Diversity on panels
Diversity brings multiple perspectives. When members of a committee bring a variety of backgrounds, cultures, and experiences, they are more likely to make inclusive decisions, reduce the tendency to stereotype, make biased conclusions or overlook the needs of marginalised groups. Different views and perspectives lead to more thorough critical thinking, and a greater chance of overcoming any unconscious biases.
What is diversity? View
Diversity refers to the many different characteristics in a group of people that make us unique. In the context of a workplace, diversity dimensions include race, ethnicity, age, gender, religious beliefs, physical abilities, sexual orientation, cultural background, socio-economic status as well as skills, educational background, geographical location, parental status, talents, work experiences and many more.
Diversity as a concept encompasses acceptance and respect of our individual differences. These differences are not always fixed, they can be fluid. We respect the individual right to self-identify and recognise that no one dimension of one’s identity is superior to another.
Diversity in decision-making
At Monash, we recognise that decision-making is informed and enriched by the diversity of staff, and that leveraging individuals’ unique experiences contributes to inclusive decision-making and better outcomes for staff, students and organisational performance.
The University is committed to considering diversity when establishing the membership of decision-making bodies, especially those that directly impact the access, participation and success of staff and students at the University.
Chairs and conveners of committees and decision-making bodies are responsible for facilitating fair and equitable decisions, and to demonstrate attributes of inclusive leadership. This includes ensuring appropriate gender representation and proactively seeking opportunities to co-opt members from diverse backgrounds.
It’s crucial to understand that different aspects of a person’s identity such as gender, gender identity, sexual orientation, race, ethnicity, economic status, national origin, disability, and other aspects of one’s identity, can expose them to overlapping forms of discrimination and marginalisation, and that attitudes, systems and structures in society and organisations can interact to create and/or deepen inequality and result in exclusion.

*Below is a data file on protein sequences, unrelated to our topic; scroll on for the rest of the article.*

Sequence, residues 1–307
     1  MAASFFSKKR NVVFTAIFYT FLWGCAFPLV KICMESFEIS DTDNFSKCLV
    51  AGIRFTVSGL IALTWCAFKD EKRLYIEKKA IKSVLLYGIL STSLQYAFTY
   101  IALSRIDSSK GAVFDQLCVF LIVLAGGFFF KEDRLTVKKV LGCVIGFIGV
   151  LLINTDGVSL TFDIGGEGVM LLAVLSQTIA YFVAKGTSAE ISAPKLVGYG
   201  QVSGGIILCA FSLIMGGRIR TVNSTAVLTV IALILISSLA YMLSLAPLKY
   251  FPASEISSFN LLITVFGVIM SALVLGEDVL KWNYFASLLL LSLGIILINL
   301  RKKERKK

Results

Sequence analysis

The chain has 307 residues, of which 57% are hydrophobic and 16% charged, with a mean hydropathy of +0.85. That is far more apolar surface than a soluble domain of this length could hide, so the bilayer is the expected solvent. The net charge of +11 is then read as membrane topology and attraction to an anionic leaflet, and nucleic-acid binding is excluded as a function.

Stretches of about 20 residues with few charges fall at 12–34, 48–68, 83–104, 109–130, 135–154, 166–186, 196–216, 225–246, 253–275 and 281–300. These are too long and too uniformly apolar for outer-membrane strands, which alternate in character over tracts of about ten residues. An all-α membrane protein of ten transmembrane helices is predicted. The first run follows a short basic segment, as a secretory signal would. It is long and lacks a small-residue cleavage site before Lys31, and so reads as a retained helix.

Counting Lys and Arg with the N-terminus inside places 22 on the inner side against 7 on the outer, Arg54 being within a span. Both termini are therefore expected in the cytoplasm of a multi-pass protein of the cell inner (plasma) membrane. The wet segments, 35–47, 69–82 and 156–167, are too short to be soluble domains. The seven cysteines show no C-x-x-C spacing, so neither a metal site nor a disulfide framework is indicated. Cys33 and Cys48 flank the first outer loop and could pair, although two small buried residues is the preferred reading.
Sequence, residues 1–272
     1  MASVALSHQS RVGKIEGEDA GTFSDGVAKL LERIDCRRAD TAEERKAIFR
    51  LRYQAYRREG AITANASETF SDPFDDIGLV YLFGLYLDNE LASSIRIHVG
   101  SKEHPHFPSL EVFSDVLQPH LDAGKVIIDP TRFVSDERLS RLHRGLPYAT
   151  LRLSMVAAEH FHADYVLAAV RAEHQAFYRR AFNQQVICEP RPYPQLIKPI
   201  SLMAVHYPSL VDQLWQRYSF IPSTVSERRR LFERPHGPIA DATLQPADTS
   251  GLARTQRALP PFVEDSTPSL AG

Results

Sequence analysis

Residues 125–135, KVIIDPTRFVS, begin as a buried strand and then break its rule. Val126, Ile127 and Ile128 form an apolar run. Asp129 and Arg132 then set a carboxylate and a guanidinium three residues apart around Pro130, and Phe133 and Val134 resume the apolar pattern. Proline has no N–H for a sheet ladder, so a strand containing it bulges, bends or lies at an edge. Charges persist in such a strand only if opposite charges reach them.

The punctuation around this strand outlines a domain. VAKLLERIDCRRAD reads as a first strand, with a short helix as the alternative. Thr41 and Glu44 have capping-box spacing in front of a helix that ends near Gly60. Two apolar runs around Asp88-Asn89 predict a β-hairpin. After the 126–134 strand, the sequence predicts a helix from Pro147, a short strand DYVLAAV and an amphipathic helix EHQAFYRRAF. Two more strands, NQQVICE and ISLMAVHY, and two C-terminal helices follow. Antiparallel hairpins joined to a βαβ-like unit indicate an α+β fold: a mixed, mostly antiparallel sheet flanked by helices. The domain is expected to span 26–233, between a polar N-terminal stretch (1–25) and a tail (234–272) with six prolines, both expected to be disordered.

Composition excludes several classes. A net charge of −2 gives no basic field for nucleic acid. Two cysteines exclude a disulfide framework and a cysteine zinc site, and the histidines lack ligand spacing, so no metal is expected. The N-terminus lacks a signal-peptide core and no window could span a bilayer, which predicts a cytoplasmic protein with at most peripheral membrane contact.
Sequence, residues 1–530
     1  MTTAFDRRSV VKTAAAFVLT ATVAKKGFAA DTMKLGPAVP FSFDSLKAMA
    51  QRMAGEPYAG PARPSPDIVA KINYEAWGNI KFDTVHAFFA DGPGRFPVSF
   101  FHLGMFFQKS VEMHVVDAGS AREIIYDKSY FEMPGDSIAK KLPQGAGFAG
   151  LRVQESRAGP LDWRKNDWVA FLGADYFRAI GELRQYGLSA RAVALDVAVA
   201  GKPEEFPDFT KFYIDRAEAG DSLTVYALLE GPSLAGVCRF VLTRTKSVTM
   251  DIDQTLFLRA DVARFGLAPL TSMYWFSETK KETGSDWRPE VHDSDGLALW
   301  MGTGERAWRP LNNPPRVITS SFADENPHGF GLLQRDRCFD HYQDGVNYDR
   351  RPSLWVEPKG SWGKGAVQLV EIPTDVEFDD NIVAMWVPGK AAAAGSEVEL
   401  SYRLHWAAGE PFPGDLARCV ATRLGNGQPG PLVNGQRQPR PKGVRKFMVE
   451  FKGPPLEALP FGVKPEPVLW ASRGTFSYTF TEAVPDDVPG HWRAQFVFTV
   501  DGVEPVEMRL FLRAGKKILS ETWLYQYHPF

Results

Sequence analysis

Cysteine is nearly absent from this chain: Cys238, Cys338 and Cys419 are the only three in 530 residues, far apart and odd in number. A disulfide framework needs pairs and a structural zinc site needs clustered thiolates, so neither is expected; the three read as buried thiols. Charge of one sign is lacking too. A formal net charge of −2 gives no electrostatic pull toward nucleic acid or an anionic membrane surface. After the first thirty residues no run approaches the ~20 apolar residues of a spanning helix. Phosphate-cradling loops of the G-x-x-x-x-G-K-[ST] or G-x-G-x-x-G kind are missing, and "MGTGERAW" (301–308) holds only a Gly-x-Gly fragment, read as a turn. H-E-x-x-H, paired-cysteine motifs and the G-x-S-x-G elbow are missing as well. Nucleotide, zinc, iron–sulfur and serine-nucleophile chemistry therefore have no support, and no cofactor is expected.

Let’s consider the following example:
A woman who is
- working in an area where women are traditionally underrepresented;
- is also from a Culturally and Linguistically Diverse Background (CALD); and
- is a member of the LGBTIQA+ community.
Through understanding intersectionality, one can realise that the true diversity of a decision-making body is not viewed through one lens only - such as gender, age, culture, or seniority. Therefore, thinking about these aspects when convening a panel is actively encouraged.
Lead by example
To help mitigate the impact of unconscious biases and be able to facilitate more equitable decisions, chairs and conveners of committees and decision-making bodies can do this by ensuring appropriate diversity of participating members. This includes considerations of the gender diversity of committee members, proactively seeking cultural diversity as well as a diversity of experiences.
Monash staff are also invited to take the Panel Pledge to advocate for greater diversity on panels, at conferences, in forums and events. This initiative is a tangible way to influence change and challenge ongoing gender disparity in public forums. By taking the panel pledge, you commit to only taking part in events that feature a diversity of speakers. Find out more on the Panel Pledge webpage.